Superficially pleasant ...

Eventually, an old woman came out of a door and spoke loudly to me in a language I didn't understand. Now, my friend had warned me that the site owner was a monoglot Flemish speaker, but friendly enough, so I did my best. "Bonjour, parlez-vous français?" She shrugged. That was obviously not the correct choice, politically. "Do you speak English?" Another shrug. A final shot in the dark: "Sprechen Sie Deutsch?" (This was a truly wild last-ditch thing, as my knowledge of German is tiny.) She replied with another barrage of gargling and hawking, which I interpreted to mean that she did not speak any of these languages, and that if I wanted anything I would have to try harder.

I tried sign-language. I pointed at my chest: "One person." I made a steeple with my arms: "One small tent." I pointed one finger upwards: "One night. OK?"

She ignored me and went indoors. I was about to give up and leave when a man of about my age (probably her son) came out. He had a toothbrush moustache and a sinister smile (thinking of Marc Dutroux and Belgium's developing reputation for unhealthy sexual interests), but he was smiling, at least, and we had a very stilted and unsatisfactory conversation in Frangleutch, during which he appeared to agree that I could stay, provided that I did all the necessary paperwork. They checked my passport in great detail (son, mother and - I assume - father too, all had a good look), accepted my offering of 10 Euros, and the deal was done. The old lady, still silent but now at least nominally co-operative, showed me to my spot and left.

(In retrospect, I think I may have been a little unfair here. It really was in the middle of nowhere, and my appearance (six foot, a hundred kilos, and covered in black leather) may not have counted in my favour. In the middle of the gentle Belgian countryside, at that time of night, I must have looked to the like an invading Visigoth with toothache and a personality disorder.)

I was allotted a small square of grass, next to the road by the main gates, surrounded by tatty caravans and even tattier white vans. It did not look good. A small, wiry man came out of one of the caravans and spoke to me as I was putting the tent up. He didn't speak English, but we managed with my basic German. He was Polish, and part of a team of builders who were contracted to renovate a nearby church. He admired the bike and told me about his Yamaha Virago back in Poland. We made brum-brum noises with our arms in the air (this is international biker-speak for "cruiser") and laughed a lot. He showed me where the showers and toilets were and even gave me a token for the showers (and wouldn't accept anything for it). I was very grateful for this, as my 10 Euros apparently did not buy me access to the facilities as far as Madame was concerned. Then his mates came back in another van, the beers were cracked, and they went indoors. His last words to me were: "You want anything – (mimes knocking on door) – you ask for Janusch!"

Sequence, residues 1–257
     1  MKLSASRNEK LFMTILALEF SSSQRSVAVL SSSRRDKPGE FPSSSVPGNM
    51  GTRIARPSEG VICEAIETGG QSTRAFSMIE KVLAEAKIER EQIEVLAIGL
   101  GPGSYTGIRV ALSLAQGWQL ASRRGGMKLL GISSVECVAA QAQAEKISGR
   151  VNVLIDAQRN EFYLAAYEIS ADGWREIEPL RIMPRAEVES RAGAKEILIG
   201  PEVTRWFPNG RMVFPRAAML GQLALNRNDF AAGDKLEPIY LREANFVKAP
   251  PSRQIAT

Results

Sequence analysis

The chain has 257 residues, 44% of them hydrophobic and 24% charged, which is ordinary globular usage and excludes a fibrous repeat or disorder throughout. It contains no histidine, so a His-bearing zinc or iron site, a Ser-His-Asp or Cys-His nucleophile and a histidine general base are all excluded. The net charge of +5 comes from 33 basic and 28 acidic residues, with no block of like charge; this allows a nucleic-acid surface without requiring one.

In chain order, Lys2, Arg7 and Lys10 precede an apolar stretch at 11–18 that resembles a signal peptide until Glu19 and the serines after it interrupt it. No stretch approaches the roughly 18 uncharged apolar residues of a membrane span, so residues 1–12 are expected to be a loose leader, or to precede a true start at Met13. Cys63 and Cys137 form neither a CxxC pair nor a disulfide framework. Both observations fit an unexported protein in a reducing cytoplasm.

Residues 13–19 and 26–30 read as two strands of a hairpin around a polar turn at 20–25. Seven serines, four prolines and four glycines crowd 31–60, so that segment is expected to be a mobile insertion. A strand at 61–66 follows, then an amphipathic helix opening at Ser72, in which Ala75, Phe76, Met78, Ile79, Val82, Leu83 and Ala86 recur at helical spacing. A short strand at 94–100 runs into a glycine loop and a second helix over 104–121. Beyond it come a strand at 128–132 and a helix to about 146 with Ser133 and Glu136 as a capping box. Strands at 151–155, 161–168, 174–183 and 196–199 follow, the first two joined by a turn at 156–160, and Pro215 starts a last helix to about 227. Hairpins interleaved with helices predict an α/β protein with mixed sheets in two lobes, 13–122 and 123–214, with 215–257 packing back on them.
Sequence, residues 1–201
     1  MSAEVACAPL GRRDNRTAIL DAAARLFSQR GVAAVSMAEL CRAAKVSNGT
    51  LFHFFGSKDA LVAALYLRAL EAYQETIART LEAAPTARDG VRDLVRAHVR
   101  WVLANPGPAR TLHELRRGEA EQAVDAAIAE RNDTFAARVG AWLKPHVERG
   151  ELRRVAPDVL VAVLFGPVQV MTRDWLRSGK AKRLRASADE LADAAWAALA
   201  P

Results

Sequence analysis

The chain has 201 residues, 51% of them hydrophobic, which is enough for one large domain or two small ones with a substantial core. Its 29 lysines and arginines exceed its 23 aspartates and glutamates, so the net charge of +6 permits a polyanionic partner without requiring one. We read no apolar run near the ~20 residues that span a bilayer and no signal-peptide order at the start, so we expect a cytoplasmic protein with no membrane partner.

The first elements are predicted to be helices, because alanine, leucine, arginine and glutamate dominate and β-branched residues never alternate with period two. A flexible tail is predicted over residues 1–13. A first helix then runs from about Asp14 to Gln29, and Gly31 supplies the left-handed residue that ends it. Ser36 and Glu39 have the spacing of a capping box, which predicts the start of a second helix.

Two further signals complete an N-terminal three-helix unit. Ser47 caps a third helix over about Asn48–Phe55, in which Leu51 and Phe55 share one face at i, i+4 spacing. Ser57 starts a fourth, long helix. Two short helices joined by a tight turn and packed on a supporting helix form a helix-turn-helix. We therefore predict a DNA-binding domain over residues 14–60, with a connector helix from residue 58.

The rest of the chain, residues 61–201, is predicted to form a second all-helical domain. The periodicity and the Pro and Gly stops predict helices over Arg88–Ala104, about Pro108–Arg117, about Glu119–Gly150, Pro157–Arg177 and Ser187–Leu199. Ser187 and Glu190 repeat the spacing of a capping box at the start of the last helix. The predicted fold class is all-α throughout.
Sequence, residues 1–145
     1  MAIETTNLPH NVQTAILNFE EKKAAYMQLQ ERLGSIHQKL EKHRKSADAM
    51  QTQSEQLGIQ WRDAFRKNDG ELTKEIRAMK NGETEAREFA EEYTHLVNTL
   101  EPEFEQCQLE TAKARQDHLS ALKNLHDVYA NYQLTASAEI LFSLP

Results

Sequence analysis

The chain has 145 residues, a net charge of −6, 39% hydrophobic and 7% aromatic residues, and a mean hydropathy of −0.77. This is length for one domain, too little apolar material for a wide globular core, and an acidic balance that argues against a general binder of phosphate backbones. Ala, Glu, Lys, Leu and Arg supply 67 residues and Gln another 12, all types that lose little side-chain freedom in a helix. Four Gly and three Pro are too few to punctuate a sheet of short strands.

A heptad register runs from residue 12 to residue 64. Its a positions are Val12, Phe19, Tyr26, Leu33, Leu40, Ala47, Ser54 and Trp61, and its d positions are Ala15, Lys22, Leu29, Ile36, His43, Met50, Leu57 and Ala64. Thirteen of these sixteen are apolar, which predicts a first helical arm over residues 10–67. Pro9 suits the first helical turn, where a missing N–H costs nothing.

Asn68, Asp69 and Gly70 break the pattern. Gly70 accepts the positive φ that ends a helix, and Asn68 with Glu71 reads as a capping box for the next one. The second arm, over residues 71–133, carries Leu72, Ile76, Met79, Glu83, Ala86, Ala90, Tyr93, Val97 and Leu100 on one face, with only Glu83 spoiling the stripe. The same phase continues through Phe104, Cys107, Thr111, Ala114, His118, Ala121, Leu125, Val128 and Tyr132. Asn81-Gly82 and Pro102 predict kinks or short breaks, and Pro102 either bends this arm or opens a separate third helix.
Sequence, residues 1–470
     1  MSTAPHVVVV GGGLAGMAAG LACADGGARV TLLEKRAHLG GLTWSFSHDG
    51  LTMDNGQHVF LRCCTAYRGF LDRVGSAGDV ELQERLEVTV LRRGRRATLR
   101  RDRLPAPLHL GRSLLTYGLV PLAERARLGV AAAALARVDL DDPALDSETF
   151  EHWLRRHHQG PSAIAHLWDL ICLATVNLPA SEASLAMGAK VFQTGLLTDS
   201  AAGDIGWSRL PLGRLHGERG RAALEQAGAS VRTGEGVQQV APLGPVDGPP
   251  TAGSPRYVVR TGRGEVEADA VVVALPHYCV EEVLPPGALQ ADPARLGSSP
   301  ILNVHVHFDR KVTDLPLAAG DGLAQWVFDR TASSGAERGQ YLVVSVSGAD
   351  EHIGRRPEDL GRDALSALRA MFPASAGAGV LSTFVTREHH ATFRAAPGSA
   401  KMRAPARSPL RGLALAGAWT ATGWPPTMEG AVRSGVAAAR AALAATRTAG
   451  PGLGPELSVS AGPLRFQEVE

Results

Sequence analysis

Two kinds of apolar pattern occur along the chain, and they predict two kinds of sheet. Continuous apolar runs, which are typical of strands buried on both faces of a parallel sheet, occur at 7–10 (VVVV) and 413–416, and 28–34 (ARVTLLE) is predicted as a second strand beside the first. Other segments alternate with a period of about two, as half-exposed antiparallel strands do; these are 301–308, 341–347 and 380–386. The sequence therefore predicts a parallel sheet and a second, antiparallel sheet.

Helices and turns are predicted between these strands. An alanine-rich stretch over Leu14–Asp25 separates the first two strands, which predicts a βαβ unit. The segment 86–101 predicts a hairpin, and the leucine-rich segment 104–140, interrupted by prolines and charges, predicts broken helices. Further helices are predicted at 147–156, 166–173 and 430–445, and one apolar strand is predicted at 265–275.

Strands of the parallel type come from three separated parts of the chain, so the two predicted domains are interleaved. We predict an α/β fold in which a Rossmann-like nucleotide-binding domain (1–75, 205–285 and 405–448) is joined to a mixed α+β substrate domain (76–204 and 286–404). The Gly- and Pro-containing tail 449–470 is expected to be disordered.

I have to confess to a moment of slight shame. On seeing the caravans and the tatty vehicles, and then learning I was surrounded by migrant workers, I was disappointed and a little apprehensive, with thoughts of noise all night and having to carry all my valuables with me everywhere I went. And yet the guy couldn't have been kinder, and there was no trouble at all. The only fly in the ointment was when they left for work at 4.30 am, with a lot of slamming doors and roaring engines, which woke me up just as I had drifted off to sleep after an uncomfortable night. But I was reminded (and shouldn't have needed to be) that people are just people, wherever you go, and fear and apprehension are usually the result of ignorance, easily dispelled by contact and conversation.

I woke around 9 am, had a quick brew, and set off for Denmark. I couldn't be bothered having a shower, so I left the token balanced on his caravan door. I hope he understood.

Belgium is pretty, in a quiet sort of way. Like Holland, without the excitement.